FG Asks Lagos to Refund Billions of Naira Collected in Wharf Landing Fees


Case coming up today at Supreme Court

By Tobi Soniyi in Abuja

The federal government has asked the Supreme Court to declare the Lagos State Wharf Landing Fees Law No 5 of 2009 unconstitutional and to order the state to refund all the monies collected through the law.

 The law was passed in 2009 when Babatunde Fashola, now the Minister for Power, Works and Housing, was the state governor.  It imposes levies which vary from N1,000 to N3,000 on consignments transported from Lagos ports into the local government areas of the state.

In an originating summons filed on behalf of the federal government by Mr. Olisa Agbakoba (SAN), the Attorney General of the Federation asked the court to declare that the state has no power to make law on any maritime, shipping and navigation matter including ‘Wharf Landing’ which are exclusively reserved for the federal government in item 36 of the Exclusive Legislative List, Part 1 of the Second Schedule of the 1999 Constitution.

 The federal government also asked for an order directing Lagos State to account, refund and pay to it all the sums it has charged, received and collected pursuant to the implementation of the Wharf Landing Fees Law. It put the refunds at billions of naira.

The federal government also wants the apex court to authorise it to deduct the accounted sum from the statutory allocation due to the state from the Federation Account.

In a brief filed in support of the originating summons, Agbakoba argued that the intent and purpose of the Wharf Landing Fees Law, “is very clear from the nature of the law itself; which is to levy taxes and tariffs on goods and consignment imported from overseas through the sea ports in the state.”

According to him, the law encroaches on the powers of the federal government to collect import duties and customs duties.

The case was filed during the tenure of President Goodluck Jonathan and it will come up today at the Supreme Court for hearing. Giving the relationship between the present leadership of the federal government and the state government, it is not clear yet if the case will go ahead or be discontinued.

However, in a counter-affidavit deposed to by Olanrewaju Akinsola who was then the Senior Special Assistant to the Governor of Lagos State on Justice Sector Reform, Lagos said it had the power to authorise relevant local government councils to collect the fees in areas outside the jurisdiction of the ports authority, pursuant to Section 7 of the 1999 Constitution.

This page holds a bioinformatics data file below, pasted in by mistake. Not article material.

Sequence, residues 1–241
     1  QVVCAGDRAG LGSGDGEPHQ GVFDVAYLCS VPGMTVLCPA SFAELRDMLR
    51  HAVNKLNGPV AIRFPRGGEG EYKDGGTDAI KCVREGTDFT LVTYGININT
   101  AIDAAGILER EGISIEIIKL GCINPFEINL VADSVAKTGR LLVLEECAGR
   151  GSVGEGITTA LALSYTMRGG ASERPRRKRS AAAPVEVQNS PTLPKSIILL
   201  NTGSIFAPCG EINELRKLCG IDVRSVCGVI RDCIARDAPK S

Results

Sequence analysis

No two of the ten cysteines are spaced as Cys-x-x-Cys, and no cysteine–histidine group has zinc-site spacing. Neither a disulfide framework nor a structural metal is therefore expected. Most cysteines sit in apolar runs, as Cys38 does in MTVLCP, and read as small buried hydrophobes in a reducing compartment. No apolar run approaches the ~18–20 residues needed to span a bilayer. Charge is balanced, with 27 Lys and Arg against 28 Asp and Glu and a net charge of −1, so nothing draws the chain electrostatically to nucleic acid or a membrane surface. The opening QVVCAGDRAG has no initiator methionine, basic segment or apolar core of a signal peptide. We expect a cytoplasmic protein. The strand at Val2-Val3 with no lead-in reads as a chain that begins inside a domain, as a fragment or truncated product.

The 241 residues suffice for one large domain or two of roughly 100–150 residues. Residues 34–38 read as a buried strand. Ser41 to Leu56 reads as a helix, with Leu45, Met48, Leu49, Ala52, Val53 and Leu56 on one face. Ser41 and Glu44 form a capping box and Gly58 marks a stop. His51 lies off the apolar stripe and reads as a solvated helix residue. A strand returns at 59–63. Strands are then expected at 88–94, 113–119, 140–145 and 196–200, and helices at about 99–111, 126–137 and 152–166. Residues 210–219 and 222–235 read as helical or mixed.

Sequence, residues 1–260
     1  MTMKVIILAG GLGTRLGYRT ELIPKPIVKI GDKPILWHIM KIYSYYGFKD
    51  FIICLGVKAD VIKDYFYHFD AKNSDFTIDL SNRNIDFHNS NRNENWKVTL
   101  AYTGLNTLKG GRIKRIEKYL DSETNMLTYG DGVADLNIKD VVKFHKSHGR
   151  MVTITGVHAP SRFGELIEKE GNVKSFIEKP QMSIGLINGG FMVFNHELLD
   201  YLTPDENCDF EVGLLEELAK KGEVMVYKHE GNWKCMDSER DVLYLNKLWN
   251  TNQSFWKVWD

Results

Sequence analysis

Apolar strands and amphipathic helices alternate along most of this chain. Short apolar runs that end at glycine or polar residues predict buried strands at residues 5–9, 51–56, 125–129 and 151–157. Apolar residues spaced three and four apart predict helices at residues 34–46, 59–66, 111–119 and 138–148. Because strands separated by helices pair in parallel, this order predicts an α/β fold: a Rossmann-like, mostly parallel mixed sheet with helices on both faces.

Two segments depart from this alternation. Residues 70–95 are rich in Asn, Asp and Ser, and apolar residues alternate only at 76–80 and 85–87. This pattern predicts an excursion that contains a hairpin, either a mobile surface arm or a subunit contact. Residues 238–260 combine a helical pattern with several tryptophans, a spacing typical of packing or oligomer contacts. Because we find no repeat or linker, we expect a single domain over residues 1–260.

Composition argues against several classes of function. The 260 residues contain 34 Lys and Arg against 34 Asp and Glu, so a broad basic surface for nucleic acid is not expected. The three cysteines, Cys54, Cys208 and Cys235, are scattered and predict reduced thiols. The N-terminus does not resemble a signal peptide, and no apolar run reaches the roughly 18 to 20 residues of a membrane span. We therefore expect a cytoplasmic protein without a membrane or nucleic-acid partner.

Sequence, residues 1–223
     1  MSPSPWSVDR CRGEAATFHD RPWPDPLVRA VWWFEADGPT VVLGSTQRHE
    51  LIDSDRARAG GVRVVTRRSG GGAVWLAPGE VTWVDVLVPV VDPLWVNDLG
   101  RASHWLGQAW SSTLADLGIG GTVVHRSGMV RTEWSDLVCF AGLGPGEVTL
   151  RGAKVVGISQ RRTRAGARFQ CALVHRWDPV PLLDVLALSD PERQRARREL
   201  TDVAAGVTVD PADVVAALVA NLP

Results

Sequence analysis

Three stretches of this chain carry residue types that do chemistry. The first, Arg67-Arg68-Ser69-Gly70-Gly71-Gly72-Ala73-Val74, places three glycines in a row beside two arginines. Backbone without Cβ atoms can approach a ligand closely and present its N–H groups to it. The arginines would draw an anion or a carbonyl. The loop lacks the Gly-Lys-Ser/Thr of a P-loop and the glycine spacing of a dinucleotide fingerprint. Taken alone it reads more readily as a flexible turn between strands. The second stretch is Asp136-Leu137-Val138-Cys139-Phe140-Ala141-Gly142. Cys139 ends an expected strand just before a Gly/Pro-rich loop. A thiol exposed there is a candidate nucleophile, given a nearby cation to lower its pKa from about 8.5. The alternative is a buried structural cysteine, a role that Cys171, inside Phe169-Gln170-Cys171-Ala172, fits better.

The state also said the law was aimed at stopping the incidence of multiple and illegal taxes in Lagos, adding that prior to the enactment of the law, several local government areas engaged in indiscriminate imposition of levies on vehicles carrying goods and equipment in a bid to ameliorate the damage caused to their infrastructure by heavy traffics, especially those coming from the ports.

It stated that the Joint Tax Board approved the collection of the fees by Apapa Local Government Area of the state from 2002, and exhibited the letter of approval in its defence.

The state also said: “The Federal Ministry of Finance, by its letter dated 16 January, 2002 also approved the recommendation of the Joint Tax Board empowering Apapa Local Government to change and administer wharf landing fees.” It also attached a copy of the approval letter from the finance ministry.

In a letter to the then AGF, Mr, Bello Adoke (SAN), Lagos State explained that the law did not seek to regulate any activity within federal ports. 

 The letter which was written by Olasupo Shasore (SAN), who was then the state Attorney General and Commissioner for Justice, read in part: “The Wharf Landing Fee was enacted pursuant to paragraphs 9-10 of the Concurrent Legislative List, Part II of the Second Schedule to the Constitution.

 “Apart from the issue of constitutionality, it is also important to draw your attention to the inappropriateness of your solicitors, Olisa Agbakoba and Associates acting as counsel to the AGF in the matter at the Supreme Court. The law firm is a counsel to Hermonfield Limited, a sub-contractor of the collecting agent appointed by the state government to collect wharf landing fees. The bona fide of the law firm is suspect as this case appears to have been filed after failure of an attempt to foist the sub-contractor on the state government.”